By Gary Pitzer | Water Education Foundation
It’s high-stakes time in Arizona. The state that depends on the Colorado River to help supply its cities and farms — and is first in line to absorb a shortage — is seeking a unified plan for water supply management to join its Lower Basin neighbors, California and Nevada, in a coordinated plan to preserve water levels in Lake Mead before they run too low.
If the lake’s elevation falls below 1,075 feet above sea level, the secretary of the Interior would declare a shortage and Arizona’s deliveries of Colorado River water would be reduced by 320,000 acre-feet. Arizona says that’s enough to serve about 1 million households in one year.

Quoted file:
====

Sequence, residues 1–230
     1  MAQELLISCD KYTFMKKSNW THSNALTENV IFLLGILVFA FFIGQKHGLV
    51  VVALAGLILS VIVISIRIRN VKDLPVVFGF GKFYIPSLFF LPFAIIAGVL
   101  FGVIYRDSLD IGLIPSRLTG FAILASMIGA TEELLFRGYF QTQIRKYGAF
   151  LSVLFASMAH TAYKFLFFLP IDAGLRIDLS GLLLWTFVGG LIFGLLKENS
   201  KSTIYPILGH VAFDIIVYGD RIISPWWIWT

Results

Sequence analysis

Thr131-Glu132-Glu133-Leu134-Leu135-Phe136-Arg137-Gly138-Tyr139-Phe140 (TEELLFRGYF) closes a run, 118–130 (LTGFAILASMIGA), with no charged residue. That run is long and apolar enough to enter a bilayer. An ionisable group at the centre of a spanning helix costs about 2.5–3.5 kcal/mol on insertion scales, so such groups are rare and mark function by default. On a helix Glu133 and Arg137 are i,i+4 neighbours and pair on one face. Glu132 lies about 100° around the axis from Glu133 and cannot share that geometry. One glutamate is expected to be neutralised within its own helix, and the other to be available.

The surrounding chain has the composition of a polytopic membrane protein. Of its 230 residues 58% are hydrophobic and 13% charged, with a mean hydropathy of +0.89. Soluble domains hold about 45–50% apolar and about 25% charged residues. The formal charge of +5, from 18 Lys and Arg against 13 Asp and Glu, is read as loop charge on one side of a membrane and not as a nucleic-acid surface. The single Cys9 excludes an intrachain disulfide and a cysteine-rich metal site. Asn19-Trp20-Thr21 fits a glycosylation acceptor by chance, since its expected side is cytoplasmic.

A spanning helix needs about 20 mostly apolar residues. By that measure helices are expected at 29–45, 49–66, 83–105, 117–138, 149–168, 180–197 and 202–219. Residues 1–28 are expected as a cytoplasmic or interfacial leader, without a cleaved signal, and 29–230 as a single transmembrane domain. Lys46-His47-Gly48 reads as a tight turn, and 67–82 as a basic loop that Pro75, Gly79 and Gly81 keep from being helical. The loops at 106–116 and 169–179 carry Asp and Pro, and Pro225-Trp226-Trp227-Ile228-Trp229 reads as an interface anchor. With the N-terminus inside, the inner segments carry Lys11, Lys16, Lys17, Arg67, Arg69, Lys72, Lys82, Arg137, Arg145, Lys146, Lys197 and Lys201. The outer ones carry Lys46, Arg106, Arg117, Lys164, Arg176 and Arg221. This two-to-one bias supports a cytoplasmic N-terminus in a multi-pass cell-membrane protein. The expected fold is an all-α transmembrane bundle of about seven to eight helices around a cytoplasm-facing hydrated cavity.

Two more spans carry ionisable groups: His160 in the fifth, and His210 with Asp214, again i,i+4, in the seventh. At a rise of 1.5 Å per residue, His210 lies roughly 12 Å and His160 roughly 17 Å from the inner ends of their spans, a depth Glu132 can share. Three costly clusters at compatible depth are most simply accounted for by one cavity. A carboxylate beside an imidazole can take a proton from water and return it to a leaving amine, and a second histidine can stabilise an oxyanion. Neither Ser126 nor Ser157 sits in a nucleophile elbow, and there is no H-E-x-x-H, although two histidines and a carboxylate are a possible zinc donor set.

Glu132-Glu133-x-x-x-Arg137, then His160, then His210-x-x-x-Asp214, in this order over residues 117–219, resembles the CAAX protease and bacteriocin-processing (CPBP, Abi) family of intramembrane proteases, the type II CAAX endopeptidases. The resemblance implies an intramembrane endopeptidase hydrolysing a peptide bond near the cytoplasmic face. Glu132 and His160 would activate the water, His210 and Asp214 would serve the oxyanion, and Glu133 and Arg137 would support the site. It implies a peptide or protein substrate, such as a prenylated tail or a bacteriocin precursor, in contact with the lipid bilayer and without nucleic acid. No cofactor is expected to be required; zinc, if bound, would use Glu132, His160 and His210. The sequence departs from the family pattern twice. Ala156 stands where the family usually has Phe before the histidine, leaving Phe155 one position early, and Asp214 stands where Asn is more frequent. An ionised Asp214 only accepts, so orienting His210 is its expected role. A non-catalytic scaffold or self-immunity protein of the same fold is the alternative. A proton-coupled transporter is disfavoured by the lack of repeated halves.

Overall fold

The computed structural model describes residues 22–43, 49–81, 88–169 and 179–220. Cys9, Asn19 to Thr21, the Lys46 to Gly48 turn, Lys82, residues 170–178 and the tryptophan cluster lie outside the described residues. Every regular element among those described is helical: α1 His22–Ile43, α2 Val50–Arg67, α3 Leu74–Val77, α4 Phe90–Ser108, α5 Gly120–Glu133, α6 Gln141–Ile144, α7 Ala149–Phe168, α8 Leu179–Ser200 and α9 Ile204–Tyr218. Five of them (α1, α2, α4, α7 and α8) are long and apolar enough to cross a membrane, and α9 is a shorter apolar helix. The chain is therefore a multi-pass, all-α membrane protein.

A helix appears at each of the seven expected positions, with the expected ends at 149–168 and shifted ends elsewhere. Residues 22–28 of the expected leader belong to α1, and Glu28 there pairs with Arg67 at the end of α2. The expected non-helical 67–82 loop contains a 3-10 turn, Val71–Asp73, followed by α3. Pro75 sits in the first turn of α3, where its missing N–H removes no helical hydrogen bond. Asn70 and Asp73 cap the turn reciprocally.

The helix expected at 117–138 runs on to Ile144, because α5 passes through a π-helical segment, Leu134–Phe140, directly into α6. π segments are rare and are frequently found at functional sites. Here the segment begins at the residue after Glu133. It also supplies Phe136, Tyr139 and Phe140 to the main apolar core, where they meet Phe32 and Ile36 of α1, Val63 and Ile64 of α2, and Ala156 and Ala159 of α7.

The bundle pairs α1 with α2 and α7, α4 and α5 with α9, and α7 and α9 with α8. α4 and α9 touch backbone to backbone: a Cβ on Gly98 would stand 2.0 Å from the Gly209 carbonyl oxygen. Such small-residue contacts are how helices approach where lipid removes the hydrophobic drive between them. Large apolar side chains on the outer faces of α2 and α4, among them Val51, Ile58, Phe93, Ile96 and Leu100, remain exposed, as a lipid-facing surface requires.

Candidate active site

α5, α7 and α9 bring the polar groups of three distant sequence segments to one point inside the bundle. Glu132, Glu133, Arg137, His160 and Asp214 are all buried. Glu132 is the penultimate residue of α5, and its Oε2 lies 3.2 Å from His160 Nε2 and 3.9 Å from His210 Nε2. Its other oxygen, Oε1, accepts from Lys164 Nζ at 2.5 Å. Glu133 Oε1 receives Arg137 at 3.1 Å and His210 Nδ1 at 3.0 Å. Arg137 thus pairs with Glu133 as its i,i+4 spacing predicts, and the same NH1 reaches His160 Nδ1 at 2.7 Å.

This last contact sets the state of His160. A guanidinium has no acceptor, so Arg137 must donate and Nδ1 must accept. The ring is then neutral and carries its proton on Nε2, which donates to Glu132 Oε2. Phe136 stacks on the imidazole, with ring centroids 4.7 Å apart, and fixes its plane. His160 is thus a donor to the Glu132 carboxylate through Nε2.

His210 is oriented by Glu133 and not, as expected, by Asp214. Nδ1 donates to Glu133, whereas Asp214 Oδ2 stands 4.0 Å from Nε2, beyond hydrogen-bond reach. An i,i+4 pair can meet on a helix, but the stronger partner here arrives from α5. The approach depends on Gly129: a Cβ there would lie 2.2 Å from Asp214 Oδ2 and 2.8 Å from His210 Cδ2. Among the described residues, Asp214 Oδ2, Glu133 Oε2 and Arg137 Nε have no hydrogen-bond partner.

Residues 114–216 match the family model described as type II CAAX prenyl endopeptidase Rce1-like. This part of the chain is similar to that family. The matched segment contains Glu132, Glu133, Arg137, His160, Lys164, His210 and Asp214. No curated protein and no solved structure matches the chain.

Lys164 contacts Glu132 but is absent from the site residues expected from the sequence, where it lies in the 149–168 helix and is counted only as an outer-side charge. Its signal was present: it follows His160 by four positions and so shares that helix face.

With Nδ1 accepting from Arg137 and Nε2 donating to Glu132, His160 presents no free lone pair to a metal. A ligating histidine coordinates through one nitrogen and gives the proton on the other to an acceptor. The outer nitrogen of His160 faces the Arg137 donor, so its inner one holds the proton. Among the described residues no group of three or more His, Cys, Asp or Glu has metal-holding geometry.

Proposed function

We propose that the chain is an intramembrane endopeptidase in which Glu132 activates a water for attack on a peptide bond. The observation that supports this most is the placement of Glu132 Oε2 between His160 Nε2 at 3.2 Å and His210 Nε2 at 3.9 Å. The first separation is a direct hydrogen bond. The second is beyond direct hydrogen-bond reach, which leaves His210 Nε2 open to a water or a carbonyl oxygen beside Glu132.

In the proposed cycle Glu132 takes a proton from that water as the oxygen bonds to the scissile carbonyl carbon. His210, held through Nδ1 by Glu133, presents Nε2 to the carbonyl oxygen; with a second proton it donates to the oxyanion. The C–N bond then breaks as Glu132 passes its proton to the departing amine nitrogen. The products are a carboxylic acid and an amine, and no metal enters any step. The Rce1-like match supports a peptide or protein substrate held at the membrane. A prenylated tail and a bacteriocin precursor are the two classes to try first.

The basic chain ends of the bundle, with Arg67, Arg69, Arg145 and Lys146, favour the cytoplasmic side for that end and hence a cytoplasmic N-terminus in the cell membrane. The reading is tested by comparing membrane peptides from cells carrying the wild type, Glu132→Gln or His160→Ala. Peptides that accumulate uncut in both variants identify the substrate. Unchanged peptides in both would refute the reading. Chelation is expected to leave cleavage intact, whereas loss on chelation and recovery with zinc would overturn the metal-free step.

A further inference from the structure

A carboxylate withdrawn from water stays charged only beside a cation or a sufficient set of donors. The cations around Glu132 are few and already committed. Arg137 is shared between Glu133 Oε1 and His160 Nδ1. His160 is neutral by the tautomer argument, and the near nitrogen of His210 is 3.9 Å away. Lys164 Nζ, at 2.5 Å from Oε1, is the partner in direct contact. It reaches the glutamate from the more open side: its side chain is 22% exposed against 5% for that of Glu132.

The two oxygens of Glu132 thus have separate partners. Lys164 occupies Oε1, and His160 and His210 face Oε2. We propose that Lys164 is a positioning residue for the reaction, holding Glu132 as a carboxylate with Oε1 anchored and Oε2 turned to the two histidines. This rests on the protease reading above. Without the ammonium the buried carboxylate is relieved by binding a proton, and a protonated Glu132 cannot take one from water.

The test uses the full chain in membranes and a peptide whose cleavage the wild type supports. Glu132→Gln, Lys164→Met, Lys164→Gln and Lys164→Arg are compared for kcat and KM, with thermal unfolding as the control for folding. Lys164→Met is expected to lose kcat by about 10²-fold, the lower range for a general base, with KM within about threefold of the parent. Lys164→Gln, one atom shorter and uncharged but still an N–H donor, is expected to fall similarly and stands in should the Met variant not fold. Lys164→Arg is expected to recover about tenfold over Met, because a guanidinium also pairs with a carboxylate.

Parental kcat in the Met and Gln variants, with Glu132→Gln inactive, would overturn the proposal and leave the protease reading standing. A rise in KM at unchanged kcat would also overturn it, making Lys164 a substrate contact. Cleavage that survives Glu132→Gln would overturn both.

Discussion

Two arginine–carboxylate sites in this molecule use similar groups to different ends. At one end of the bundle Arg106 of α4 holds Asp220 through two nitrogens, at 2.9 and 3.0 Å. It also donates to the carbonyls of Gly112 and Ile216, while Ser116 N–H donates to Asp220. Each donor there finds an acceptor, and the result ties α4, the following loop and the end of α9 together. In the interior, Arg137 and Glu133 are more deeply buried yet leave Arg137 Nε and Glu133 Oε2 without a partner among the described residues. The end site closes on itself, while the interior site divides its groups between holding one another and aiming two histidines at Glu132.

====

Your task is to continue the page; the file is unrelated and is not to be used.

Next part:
The task of charting a path around shortage hasn’t been easy. The state’s main water agencies — the Central Arizona Water Conservation District (CAWCD), which runs the Central Arizona Project, and the statewide Arizona Department of Water Resources — have been unable to reach an accord regarding who should speak for Arizona before committing to a proposed Lower Basin Drought Contingency Plan (DCP). Their standoff — and particularly the Central Arizona district’s management of Colorado River water — has resulted in bruised relations between Arizona and Upper Colorado River Basin states — Colorado, Utah, New Mexico and Wyoming.
Still, there is an increased sense of urgency to get something done, with a record-low snowpack contributing to the driest 19-year period on record. A meager runoff this year from the Rocky Mountains into Lake Powell — the Upper Basin’s key reservoir — is expected to be 42 percent of the long-term average.